Examining Apple's Dividend Strategy

Apple's board is expected to authorize an increase in the company's quarterly cash dividend later this month in conjunction with 2Q16 earnings. Ahead of this event, I examined Apple's dividend strategy. All signs point to Apple relying on a stable dividend policy in which dividend expense follows an existing long-term growth trajectory rather than near-term earnings volatility. By finding this dividend growth trajectory, it is possible to for look subtle shifts in trajectory going forward. These shifts will provide clues as to how management views long-term business prospects and profit opportunities. 

Dividend Growth

In order to find Apple's future dividend growth trajectory, we must first take a look at the company's historical dividend growth rate. After a 17-year hiatus, Apple reinitiated its quarterly cash dividend in 2012. Since that time, Apple has paid out $42 billion ($6.84 per share) of dividends while the share price increased approximately $26. Accordingly, the dividend has been responsible for approximately 20% of an AAPL shareholder's total return.

Apple has increased its quarterly cash dividend annually beginning in 2012:

  • 2012: $0.38
  • 2013: $0.44 
  • 2014: $0.47
  • 2015: $0.52

In order to calculate Apple's historical dividend growth rate year-over-year, we take quarterly cash dividends per share and convert them into an annual total, keeping in mind that Apple increases the quarterly dividend midway through its fiscal year: 

  • 2013: $1.64
  • 2014: $1.82
  • 2015: $1.98

We can now calculate the year-over-year growth rate for total dividends per share paid on an annual basis: 

  • 2014: 11%
  • 2015: 9%

Apple discloses in its financial filings that it intends to increase the quarterly dividend annually. It would appear from looking at 2014 and 2015 growth trends that Apple management is on a trajectory in which it will increase its quarterly dividend by approximately 10% each year. However, there is more to the story.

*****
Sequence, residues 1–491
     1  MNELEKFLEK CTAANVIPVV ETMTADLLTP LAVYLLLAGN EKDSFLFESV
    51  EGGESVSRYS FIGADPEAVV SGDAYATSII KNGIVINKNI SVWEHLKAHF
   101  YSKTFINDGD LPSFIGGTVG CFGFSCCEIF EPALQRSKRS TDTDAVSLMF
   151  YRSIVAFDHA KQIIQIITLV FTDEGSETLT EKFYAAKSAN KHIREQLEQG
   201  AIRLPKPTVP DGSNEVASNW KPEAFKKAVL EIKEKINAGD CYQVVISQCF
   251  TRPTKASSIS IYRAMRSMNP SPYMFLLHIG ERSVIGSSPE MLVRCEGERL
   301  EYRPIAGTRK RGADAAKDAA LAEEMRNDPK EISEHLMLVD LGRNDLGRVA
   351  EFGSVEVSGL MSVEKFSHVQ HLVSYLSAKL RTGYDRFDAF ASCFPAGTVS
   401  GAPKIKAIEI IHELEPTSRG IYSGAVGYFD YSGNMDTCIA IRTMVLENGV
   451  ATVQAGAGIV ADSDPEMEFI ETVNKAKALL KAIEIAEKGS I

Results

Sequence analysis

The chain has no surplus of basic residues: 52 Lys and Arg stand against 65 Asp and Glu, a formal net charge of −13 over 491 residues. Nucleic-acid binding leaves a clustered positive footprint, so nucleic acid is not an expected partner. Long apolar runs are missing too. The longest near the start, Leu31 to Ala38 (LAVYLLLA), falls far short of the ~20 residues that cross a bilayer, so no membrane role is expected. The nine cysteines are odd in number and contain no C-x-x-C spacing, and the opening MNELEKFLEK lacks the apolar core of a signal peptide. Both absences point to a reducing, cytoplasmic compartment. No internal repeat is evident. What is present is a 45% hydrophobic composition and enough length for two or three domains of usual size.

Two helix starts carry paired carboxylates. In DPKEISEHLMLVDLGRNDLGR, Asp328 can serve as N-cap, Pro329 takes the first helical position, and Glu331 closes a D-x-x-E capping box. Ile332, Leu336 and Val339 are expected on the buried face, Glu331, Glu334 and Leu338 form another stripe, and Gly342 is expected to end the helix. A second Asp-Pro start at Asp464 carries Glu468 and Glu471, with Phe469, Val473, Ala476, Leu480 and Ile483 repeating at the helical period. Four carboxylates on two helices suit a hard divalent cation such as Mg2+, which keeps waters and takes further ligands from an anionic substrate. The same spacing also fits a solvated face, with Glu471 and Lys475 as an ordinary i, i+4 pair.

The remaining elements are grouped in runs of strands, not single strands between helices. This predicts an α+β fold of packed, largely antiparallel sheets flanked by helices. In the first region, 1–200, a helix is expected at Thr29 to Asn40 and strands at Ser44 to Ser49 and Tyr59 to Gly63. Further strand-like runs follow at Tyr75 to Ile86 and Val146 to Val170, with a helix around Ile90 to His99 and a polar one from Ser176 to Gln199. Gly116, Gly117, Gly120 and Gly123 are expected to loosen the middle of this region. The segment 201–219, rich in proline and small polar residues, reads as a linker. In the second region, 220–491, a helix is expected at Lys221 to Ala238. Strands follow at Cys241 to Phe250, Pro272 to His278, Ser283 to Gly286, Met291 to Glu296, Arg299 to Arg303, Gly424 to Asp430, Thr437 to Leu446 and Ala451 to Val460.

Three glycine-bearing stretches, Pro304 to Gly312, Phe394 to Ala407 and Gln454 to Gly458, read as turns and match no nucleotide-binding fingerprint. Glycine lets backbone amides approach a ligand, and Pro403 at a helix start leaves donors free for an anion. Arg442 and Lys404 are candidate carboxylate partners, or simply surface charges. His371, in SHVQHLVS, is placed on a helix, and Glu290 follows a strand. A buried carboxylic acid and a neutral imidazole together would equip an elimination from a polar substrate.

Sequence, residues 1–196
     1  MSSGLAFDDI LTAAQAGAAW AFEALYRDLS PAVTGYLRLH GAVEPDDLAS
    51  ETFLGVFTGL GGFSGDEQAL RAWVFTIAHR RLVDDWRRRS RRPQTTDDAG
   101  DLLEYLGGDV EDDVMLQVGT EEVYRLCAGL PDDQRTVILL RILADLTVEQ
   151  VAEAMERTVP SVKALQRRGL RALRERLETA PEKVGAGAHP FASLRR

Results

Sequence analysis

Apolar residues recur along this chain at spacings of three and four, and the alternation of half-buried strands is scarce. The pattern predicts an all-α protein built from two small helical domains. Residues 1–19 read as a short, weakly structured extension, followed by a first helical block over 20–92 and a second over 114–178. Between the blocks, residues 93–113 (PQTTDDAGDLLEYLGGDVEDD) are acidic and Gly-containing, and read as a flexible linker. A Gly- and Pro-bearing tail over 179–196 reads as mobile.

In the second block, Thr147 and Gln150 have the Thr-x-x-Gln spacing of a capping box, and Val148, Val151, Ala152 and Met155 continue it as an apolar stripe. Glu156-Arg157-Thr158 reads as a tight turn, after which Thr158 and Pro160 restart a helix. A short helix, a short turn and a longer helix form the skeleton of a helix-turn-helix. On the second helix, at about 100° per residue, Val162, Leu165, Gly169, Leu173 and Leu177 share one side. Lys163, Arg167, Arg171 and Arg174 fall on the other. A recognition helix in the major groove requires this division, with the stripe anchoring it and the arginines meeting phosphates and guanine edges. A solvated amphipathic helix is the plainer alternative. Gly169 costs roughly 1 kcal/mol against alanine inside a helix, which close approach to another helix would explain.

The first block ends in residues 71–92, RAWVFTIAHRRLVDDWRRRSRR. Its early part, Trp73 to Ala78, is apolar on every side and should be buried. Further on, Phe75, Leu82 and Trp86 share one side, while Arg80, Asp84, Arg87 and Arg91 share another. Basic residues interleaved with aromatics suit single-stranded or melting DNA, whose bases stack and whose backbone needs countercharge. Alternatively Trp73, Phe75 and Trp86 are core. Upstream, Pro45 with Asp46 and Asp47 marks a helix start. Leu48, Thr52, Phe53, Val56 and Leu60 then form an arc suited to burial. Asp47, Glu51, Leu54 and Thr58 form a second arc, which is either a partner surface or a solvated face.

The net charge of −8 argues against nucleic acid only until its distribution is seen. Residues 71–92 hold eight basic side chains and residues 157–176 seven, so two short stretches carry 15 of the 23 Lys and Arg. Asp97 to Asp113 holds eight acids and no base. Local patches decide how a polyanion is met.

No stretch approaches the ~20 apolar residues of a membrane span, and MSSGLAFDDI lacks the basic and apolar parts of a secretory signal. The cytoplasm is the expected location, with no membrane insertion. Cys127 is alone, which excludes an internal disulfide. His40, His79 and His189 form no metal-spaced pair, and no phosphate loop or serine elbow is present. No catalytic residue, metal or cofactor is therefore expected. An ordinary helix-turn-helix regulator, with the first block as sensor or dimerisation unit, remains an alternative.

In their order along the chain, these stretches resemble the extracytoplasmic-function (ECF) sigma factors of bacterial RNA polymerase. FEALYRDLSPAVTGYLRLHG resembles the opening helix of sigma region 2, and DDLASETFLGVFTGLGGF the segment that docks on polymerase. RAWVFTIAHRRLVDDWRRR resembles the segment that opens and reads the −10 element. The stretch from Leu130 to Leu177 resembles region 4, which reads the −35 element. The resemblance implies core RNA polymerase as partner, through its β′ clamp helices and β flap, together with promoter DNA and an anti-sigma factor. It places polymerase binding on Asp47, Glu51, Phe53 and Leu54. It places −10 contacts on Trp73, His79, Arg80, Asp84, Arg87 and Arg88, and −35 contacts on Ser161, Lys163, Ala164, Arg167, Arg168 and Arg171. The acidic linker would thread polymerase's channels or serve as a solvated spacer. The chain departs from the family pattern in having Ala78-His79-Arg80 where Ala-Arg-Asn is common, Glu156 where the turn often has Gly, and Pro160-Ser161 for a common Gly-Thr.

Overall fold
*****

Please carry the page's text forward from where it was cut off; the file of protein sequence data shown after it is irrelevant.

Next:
Apple's share buyback is playing a significant role in defraying the total cost of these 10% dividend increases. As Apple buys back its shares, the number of shares outstanding is reduced. This leads to Apple paying out fewer dividends, all else equal. As long as Apple buys back shares, management will continue to have greater leverage when it comes to raising the quarterly cash dividend. Said another way, current shareholders are seeing an indirect benefit from the share buyback by receiving higher dividend payments per share.

To see how share buybacks have made it cheaper for Apple to pay higher cash dividends per share, consider the amount Apple spends on cash dividends annually:

  • 2013: $10.6B
  • 2014: $11.2B
  • 2015: $11.6B

Since these totals exclude the impact from share counts, we can calculate the growth rate in Apple's annual dividend expense: 

  • 2014: 6%
  • 2015: 4%

Even though the Apple board has been increasing the quarterly cash dividend by approximately 10% over the past two years, the total growth in Apple's dividend expense has actually been only approximately 5% per year. The reduction is due to a lower share count produced by Apple's share buyback. We can now use this 5% dividend expense growth rate as the base line when plotting Apple's future dividend growth trajectory. However, we first need to measure Apple dividend sustainability.